While seeing this dent is normally a good sign, having it happen so early means that heat units and reduced grain filling days will be lost. Remember that such problems within the U.S. and other places like China and Russia are the reason that grain prices have risen from their depths of two to three months ago.
It creates a sense of optimism that most had not expected in what looked like a blue marketing season.
This week’s soybean scouting is detecting several normal leaf diseases as well as several regular and irregular insects. The normal leaf/stem diseases include Septoria, downey mildew, frog eye spot, and anthracnose, plus several bacterial infections.
The time to treat the fields with ground rigs and get good enough coverage is mostly passed. With septoria being a lower canopy disease, trying to get decent results this late is difficult.
Aphid numbers are still climbing slowly and may not reach high enough numbers to cause problems, but we learned to never count them out. Scouts are now finding the larvae from all of the little moths that were flying at night the past two or three weeks and they are chewing on the leaves, sometimes consuming enough tissue to be worrisome.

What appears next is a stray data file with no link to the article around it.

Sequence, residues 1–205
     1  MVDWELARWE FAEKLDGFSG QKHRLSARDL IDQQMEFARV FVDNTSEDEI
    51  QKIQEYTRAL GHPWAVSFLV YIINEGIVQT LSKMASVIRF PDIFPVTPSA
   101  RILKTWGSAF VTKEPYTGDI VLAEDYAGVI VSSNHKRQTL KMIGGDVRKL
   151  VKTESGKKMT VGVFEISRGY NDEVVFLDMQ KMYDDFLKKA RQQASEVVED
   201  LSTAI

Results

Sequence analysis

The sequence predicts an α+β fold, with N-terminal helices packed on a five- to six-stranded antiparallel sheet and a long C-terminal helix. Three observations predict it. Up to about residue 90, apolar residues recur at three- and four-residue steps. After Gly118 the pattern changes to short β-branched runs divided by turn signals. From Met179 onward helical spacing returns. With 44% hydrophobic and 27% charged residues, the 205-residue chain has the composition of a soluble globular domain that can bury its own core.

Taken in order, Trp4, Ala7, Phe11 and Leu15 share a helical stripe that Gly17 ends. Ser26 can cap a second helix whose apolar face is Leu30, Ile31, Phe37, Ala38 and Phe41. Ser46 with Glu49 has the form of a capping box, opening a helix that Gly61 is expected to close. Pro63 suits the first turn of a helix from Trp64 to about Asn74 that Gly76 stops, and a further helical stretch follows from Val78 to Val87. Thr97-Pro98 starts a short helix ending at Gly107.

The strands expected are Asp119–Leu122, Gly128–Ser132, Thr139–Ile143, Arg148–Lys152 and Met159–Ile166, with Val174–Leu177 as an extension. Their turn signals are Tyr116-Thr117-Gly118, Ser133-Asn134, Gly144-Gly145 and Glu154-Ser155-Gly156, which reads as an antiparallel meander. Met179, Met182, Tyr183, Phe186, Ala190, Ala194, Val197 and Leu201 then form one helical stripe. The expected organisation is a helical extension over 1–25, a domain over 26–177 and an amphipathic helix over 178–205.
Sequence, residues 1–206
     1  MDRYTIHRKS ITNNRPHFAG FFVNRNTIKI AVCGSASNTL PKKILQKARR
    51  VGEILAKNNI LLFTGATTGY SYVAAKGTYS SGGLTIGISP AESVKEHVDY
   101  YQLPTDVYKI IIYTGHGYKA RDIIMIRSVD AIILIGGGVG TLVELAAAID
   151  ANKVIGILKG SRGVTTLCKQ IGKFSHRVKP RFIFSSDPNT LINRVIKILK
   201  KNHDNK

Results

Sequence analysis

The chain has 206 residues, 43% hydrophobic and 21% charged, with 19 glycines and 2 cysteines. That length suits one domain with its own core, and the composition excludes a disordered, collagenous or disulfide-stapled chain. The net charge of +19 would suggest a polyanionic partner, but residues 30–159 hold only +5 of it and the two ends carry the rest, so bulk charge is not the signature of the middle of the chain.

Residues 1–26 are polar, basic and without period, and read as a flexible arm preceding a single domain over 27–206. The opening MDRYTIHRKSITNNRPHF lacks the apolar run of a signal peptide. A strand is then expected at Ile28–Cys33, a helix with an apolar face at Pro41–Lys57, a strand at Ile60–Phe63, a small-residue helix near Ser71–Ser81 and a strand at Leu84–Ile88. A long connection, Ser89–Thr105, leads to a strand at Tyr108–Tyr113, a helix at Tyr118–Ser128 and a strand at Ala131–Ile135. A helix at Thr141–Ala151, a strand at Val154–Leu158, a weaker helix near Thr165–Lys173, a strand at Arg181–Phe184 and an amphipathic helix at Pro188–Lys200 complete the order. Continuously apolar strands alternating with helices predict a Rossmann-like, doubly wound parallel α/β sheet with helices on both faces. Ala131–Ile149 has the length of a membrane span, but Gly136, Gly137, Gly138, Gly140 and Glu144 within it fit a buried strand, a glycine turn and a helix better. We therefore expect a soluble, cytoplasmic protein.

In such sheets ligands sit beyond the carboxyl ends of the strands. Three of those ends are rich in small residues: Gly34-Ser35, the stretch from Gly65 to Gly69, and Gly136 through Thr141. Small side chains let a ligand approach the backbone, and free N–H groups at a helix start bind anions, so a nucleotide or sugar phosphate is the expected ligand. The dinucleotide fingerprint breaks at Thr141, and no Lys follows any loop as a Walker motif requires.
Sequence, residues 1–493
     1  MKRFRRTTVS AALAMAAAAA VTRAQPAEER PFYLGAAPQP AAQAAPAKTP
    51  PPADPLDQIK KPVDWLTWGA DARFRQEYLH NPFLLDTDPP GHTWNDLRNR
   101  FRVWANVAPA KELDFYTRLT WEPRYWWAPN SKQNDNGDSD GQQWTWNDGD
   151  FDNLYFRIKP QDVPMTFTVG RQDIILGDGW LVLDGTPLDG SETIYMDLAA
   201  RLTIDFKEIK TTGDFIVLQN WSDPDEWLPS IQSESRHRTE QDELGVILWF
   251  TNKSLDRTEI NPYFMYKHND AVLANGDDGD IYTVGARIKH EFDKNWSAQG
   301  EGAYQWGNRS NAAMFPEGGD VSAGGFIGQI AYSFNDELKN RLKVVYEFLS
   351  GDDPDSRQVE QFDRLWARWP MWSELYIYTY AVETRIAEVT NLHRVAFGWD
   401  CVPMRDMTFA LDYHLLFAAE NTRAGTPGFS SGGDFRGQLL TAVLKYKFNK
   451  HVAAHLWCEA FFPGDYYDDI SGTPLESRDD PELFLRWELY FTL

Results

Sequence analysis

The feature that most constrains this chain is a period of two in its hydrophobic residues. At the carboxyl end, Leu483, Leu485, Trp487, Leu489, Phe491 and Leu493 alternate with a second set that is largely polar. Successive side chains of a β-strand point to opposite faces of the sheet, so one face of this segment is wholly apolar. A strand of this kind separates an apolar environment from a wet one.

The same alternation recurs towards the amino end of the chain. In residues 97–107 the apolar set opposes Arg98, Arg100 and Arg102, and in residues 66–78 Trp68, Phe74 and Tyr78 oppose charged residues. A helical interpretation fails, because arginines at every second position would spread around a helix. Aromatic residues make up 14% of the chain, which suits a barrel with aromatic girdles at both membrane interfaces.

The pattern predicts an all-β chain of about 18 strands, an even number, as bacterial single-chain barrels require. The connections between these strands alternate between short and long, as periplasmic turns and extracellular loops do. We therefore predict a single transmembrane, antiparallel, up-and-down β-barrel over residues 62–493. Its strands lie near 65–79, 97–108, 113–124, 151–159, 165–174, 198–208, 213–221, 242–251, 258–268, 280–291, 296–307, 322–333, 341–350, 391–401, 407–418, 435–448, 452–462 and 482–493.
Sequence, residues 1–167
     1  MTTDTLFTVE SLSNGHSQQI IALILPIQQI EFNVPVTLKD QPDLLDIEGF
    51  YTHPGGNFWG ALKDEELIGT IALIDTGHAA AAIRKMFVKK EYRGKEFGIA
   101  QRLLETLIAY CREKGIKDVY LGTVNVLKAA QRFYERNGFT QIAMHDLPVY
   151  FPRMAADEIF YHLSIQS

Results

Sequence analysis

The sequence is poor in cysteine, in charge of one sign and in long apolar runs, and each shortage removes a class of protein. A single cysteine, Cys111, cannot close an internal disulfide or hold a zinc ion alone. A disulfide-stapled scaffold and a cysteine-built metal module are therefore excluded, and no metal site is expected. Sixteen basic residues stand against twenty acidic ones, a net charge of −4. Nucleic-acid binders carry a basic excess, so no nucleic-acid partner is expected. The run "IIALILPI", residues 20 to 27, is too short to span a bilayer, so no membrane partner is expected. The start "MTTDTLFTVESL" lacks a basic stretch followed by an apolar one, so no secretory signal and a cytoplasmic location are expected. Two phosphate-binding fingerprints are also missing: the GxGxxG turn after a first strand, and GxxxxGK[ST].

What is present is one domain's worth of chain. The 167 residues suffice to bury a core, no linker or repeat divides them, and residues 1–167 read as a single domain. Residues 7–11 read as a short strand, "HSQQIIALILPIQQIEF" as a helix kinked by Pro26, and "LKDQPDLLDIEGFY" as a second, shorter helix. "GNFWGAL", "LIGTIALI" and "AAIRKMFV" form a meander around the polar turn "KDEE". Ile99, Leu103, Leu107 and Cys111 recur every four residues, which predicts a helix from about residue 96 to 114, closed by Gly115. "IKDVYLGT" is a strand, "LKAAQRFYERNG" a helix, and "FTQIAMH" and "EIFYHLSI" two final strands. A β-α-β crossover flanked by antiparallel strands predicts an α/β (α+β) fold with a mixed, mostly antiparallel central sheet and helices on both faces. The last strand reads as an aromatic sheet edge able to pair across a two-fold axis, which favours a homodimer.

We can’t ignore them and hope they go away.
Another insect that may not get enough attention are all the small white flies. Brazilian researchers have found that they spread a viral disease called hasta necrosis that hurts bean yields.
I don’t know of any who has studied them very well to see if they vector any disease in the U.S.
The corn rootworm beetles can now be found in many corn fields. It seems to be mostly the western ones that have become numerous. Having them show up is not unusual, but they normally appear along U.S. Highway20 around July 3 to 5.
In a year with an excess of growing degree units why are they appearing four to five weeks late?
Knowing that Bt toxin levels decline after the V4 corn growth stage, their late appearance questions the ability to use that technology to effectively control them using the Environmental Protection Agency’s low dosage strategy.
There will be quite a few field days over the next month. Be sure to attend those that tell about new management steps or tools that can be used to better deliver fertilizers or fertilizer efficiency.
Keep an open mind about some of the plant protectant products that could offer better weed or disease control.
P.S. Send sandbags and life boats to the Ames area.